Startup accelerators — like Y Combinator, 500 Startups, and Techstars — are a respected part of the startup ecosystem. These programs are created to aid young companies in product development, details of business operations, and networking. Oftentimes, participation in an accelerator program is seen as a sign that a company has validated (or at least significantly developed) its idea prior bringing it to the market. There’s also a fair amount of variation among accelerators. Some cater to very early stage companies, others are focused on tech endeavors, and others work specifically with minority or female founders. These programs are often stringent, making it difficult for a startup to be admitted and graduate from them. Additionally, most accelerator programs take a cut of the startup’s equity, essentially becoming investors themselves.
This Chart of the Week examines the relationship between funding amounts and participation in accelerator programs. We looked at the total set of startups that were funded in 2020. Then, we broke that number down into two sets — those that participated in an accelerator program and those that did not.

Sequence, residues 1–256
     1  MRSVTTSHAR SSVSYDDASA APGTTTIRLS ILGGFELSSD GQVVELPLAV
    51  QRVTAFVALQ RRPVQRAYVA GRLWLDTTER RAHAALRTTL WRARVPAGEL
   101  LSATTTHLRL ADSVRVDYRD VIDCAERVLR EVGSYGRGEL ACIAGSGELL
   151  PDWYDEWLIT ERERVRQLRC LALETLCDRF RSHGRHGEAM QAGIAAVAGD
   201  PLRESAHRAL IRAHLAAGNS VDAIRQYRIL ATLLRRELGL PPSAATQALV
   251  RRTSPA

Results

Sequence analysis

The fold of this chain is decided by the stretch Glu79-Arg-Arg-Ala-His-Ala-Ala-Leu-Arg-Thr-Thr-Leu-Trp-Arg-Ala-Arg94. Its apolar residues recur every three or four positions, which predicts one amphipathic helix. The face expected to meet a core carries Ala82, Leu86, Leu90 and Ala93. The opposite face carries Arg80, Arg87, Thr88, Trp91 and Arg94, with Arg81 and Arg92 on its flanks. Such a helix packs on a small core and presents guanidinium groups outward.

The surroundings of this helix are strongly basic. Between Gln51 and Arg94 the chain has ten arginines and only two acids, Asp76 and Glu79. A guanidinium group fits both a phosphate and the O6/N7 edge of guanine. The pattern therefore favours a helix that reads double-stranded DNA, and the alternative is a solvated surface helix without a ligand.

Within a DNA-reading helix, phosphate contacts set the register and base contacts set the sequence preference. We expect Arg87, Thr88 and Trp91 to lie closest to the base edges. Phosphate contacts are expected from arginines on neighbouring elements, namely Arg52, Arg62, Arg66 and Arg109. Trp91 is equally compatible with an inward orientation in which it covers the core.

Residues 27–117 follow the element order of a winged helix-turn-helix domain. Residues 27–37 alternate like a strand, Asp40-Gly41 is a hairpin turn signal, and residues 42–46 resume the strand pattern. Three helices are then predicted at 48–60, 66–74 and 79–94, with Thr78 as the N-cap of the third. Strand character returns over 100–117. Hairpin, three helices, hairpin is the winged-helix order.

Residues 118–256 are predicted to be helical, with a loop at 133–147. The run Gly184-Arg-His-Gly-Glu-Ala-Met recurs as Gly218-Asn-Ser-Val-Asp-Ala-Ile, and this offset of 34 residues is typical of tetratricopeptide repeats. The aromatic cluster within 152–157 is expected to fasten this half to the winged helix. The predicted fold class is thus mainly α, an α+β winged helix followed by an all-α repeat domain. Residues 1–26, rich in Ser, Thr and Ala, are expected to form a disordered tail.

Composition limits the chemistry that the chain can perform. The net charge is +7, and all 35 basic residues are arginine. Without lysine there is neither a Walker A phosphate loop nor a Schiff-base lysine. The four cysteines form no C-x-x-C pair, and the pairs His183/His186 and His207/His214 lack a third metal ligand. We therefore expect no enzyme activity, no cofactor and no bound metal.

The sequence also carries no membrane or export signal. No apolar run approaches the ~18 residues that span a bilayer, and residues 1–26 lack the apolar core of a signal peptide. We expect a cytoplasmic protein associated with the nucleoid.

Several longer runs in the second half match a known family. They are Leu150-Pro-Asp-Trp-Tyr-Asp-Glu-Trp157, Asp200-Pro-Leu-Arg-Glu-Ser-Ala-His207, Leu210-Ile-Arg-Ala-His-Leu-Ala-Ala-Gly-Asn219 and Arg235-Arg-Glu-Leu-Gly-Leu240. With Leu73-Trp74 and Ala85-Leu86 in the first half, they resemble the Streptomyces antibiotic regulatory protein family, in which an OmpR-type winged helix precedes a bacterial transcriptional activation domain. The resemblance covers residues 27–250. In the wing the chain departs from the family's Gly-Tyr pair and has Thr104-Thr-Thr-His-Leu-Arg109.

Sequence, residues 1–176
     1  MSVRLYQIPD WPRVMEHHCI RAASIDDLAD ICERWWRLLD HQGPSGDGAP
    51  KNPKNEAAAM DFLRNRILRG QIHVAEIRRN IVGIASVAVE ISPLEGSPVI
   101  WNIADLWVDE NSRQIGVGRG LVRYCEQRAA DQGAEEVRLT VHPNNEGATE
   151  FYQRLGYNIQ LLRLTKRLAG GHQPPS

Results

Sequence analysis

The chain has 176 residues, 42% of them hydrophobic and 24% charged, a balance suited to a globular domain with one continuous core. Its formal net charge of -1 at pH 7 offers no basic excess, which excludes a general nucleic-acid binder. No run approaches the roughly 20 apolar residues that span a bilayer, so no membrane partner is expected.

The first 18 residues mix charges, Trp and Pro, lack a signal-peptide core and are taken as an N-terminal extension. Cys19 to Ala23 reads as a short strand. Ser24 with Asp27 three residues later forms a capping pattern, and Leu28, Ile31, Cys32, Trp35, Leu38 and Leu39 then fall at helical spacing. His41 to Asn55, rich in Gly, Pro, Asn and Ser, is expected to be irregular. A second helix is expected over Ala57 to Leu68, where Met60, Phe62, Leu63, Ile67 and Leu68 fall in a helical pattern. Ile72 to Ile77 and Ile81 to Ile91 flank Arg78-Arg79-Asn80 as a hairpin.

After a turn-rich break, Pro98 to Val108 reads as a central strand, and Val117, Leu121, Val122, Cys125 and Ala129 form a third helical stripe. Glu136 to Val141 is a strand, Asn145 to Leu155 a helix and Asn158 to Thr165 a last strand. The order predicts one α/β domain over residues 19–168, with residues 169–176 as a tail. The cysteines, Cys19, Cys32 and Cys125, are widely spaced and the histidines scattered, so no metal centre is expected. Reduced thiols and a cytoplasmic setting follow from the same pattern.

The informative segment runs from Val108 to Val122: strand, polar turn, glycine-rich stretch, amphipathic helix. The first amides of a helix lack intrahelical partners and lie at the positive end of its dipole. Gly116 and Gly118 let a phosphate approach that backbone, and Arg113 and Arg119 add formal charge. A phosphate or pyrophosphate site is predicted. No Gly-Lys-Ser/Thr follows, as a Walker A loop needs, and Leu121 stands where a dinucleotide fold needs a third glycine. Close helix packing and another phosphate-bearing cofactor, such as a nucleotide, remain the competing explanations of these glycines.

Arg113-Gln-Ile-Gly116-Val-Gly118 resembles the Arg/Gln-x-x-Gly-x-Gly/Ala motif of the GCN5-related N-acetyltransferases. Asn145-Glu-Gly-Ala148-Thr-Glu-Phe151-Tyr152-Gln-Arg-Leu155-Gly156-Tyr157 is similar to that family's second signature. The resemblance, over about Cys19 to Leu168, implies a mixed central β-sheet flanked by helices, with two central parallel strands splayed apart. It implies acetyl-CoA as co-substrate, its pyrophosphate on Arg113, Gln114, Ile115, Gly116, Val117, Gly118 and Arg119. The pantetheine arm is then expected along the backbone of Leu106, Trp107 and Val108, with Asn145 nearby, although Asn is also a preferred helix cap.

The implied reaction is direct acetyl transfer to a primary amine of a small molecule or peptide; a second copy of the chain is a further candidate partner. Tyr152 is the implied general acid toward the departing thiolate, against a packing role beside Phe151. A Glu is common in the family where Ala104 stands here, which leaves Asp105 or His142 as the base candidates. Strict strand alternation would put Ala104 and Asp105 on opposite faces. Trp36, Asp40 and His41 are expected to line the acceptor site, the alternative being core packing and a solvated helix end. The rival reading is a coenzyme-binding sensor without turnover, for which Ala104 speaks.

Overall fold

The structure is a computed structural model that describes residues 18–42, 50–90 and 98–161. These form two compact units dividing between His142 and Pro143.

Given that going through an accelerator seems to greatly strengthen a startup’s prospects for success, it might make sense to expect them to receive much more funding than those that did not. However, this was not the case last year. Companies that went through an accelerator received around $30.2 million in funding. That’s less than a fifth of the $166 million that non-accelerator companies saw. The main cause for this major discrepancy is purely numerical. Barely 100 of 2020’s funded companies participated in an accelerator program. Meanwhile, there more than 850 non-accelerator startups that were funded last year. This difference is probably somewhat attributable to the difficulty startups face in both entering and completing an accelerator. However, it is also possible that many investors choose to weigh factors such as the founding team, financial performance, and market potential more strongly than accelerator participation.
Note: all data used for the Chart of the Week comes from the KingsCrowd database and represents a snapshot of the crowdfunding market.
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About: Inez Sanjaya
Inez's background is in the startup ecosystem, which she is very passionate about. Inez has experience working in a startup, a Google-backed accelerator, and lastly in Plug and Play Tech Center. Prior to this, she was a part of VU Venture Partners doing deal sourcing and conducting due diligence. Inez graduated from the University of California Berkeley with an Economics degree.